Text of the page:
The more elite, rich entrepreneurs and politicians are responsible for income and wealth disparity in the U. S. The economic and political elites occupy the most common professions such as management and administration in almost all statutory institutions. They are the physicians, lawyers and financial specialists, shylocks and renowned entrepreneurs (Stiglitz et al., 2012). These people dictate and control almost all sectors of the American economy. They thus determine who climbs the socioeconomic ladder and those who remain in the lowest middle class. Their influence determines the political landscape of America since they can use their resources to tilt it in favor of the candidate they endorse.

The income inequality and wealth distribution in the U.S. economy is not something that happened suddenly. Inequality began to gain root in the U.S. in the period after the civil war (Stiglitz et al., 2012). From 1937 to 1947, America was experiencing a dramatic decline in income inequality. The increasing trend in inequality in income and wealth distribution picked up again in the 1970s when the government decided to hike the wages for the working class (Lang & Lang/Levitsky, 2012). The government raised taxes on the working class, although this only affected the laborers in the middle class who suffered from heavy taxation.

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In 2011, the income for the middle class remained stagnant but income tax increased. On the other hand, the income for the professionals increased but their income tax decreased (Lang & Lang/Levitsky, 2012). This created inequalities and a stratified workforce. This condition worsened with a cut in wages in the 2008-2010 global economic crises that affected the American economy. The rich survived the recession and passed down the consequences of inflation on the poor who were already struggling with life. Such frustrations and inequalities were the reason that sparked the “Occupy Wall Street” movement.

Wealth has a direct relationship with a person’s income. The highest income earners are, thus, likely to save their income and use it to accumulate wealth. Such savings become their capital base for investments. The capital gains and profits from the investments of the affluent are subjected to under-taxation. On the other hand, lower-income earners are unable to save hence they cannot accumulate wealth. In return, they stand to earn low in capital gains in comparison with their rich counterparts (Weston, 2012).

OWS’s Approach to Income and Wealth Equity in a Capitalistic Society

The movement is fighting for equity and fairness in the distribution of resources and wealth of society. In a capitalistic state, like the U.S., political and economic power rests squarely in the hands of a few wealthy people. The alternative to this system that creates economic and social inequalities is socialism. Although the OWS movement is not directly pushing for a socialist society, their ideologies seem to favor socialism as a replacement for capitalism (Weston, 2012).

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The main objective of the OWS movement is to build a society where equality, fairness, justice and impartiality guide all state and economic structures. Wages must be commensurate with the amount of work done, the competence of the employees and the conditions of work. It is possible to achieve wealth redistribution and facilitate the reduction of the wide differences in the income of various classes in the American economy. This is achievable through the creation of more employment opportunities, promotion of equal taxation structures commensurate with one’s income. The economy must also be made hybrid or mixed where the government plays a significant role in the economy along with the private sector players.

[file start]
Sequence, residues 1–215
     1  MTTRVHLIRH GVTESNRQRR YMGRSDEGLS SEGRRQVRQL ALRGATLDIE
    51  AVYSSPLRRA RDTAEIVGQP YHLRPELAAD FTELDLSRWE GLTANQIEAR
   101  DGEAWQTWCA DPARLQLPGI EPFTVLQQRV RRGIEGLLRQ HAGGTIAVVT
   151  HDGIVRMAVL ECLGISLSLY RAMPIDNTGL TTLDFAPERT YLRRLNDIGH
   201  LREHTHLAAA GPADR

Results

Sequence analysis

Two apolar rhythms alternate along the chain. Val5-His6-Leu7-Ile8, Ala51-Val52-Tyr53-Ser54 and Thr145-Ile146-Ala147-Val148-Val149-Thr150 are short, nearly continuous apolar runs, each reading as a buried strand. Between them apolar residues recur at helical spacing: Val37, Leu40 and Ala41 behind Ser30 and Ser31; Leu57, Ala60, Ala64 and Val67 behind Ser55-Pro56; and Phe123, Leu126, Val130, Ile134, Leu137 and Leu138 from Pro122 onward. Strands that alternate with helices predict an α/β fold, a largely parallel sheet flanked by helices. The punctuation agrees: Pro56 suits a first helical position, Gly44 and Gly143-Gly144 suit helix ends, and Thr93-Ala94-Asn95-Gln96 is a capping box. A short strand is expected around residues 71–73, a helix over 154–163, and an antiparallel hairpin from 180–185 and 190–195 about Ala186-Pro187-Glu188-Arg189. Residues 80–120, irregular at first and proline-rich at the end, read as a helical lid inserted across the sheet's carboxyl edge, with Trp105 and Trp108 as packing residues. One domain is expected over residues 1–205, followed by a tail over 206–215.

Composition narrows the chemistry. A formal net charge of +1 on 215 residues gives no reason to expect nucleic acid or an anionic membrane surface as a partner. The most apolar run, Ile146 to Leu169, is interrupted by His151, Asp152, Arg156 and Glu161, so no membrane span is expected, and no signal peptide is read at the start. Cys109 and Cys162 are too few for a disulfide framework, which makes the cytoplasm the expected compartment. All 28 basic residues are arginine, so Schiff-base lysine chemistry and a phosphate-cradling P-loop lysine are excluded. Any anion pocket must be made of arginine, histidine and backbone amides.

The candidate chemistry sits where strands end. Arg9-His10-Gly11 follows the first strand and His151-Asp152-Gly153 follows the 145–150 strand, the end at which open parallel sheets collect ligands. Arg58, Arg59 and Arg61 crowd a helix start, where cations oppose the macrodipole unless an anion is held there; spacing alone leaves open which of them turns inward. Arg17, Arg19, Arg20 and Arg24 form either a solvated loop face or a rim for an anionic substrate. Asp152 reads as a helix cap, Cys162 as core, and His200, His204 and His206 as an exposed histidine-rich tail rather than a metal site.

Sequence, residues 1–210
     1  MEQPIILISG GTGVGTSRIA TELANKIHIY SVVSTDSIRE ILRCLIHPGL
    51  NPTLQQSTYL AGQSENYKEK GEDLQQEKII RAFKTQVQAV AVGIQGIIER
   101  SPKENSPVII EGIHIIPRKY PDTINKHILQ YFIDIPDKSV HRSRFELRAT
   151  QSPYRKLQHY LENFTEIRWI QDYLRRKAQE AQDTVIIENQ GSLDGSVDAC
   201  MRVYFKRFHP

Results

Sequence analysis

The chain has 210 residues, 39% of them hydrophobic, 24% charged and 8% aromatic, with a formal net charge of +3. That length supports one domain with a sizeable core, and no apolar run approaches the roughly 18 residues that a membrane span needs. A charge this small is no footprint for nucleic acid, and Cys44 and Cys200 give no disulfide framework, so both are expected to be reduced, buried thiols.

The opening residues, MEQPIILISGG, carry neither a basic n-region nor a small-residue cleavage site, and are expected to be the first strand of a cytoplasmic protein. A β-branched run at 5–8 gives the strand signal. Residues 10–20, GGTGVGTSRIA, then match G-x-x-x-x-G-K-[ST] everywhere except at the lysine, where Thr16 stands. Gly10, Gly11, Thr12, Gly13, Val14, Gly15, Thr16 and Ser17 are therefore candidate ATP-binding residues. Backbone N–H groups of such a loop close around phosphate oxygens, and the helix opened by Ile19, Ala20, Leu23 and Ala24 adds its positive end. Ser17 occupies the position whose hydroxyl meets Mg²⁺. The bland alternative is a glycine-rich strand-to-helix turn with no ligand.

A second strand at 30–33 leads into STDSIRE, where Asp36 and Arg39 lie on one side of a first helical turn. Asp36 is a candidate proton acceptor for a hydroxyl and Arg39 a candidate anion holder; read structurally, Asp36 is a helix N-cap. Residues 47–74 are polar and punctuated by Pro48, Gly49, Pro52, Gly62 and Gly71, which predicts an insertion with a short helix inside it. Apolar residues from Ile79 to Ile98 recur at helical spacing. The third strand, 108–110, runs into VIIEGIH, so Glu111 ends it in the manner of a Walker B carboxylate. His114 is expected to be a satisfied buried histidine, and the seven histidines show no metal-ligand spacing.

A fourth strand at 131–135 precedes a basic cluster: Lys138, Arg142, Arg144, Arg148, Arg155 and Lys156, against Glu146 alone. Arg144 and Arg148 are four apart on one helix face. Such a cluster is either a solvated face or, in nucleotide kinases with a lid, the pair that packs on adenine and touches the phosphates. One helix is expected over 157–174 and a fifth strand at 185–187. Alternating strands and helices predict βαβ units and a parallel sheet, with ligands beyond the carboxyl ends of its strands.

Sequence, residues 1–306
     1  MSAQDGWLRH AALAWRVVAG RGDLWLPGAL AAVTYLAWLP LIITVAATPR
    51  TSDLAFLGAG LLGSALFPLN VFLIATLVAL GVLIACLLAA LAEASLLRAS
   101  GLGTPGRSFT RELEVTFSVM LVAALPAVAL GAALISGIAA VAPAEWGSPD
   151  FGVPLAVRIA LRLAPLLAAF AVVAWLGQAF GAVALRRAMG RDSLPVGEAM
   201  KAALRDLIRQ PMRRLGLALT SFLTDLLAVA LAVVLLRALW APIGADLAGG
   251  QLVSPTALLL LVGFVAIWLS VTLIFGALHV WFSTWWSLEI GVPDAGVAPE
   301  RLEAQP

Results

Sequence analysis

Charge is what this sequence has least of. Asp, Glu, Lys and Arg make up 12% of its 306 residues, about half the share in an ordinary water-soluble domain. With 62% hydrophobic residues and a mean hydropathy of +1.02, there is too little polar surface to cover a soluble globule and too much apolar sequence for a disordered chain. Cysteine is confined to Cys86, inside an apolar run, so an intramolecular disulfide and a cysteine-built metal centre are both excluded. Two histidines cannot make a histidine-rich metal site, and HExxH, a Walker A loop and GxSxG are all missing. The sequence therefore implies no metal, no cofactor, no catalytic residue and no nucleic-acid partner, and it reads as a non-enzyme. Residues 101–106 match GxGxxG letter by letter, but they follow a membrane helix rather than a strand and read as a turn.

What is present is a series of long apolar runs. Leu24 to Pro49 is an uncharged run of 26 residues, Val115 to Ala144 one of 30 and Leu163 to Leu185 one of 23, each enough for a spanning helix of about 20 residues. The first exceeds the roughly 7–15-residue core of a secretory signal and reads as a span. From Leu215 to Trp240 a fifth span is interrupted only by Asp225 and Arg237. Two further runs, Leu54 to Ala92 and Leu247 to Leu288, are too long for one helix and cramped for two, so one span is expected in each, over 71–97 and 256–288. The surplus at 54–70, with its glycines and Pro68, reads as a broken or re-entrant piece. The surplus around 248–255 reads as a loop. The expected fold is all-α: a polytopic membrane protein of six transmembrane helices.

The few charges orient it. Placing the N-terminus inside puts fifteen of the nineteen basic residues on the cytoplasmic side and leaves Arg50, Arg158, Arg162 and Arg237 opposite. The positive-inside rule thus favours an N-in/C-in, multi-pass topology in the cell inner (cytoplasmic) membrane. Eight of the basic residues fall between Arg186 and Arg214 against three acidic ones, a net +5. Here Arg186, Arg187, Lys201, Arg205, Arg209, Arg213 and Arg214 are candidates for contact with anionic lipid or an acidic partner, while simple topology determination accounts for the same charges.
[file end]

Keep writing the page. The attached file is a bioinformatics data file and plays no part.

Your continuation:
The Future of the OWS Movement

The OWS movement is more likely to fade away after the government has met some of their demands. In its initial stages, the movement will attract a large following as was the case in some of the protest movements similar to the Arab region uprisings. However, being a revolutionary movement, it is likely to fade off after its effect has given rise to some of its demands (Stiglitz et al., 2012).

The “Occupy Wall Street” movement continues to attract a lot of criticisms. Most critics argue that its demands are genuine. The only contention of the critics is that the movement’s approach is likely to worsen the state of affairs even more than what it is presently. Gradual stabilization of the economy is likely to see the movement also reduce its fervency. This is because much of the crises that the movement is contesting are the consequences of inflation resulting from the global economic crisis that began in the U.S. in 2008.

The “Occupy Wall Street” movement has begun achieving some of its goals. The government has received the petitions of the movement and promised to act on them. The youth has also been given the challenge and opportunity to participate in private and public sector entrepreneurship so as to reduce competition for the few government and corporate jobs. These developments are likely to calm the movement gradually until it loses its vigor.


The “Occupy Wall Street” movement advocates for economic, political and social liberation of the poor from a system that has contributed towards the rich becoming rich as the poor becoming poorer. Its industrial approach has seen protests in most of the sectors of the American economy by employees who demand the improvement of working conditions and wages along with changes in the taxation policies. The movement advocates for the creation of alternative structures that would promote redistribution of wealth and income, and advocate equity between the rich and the poor.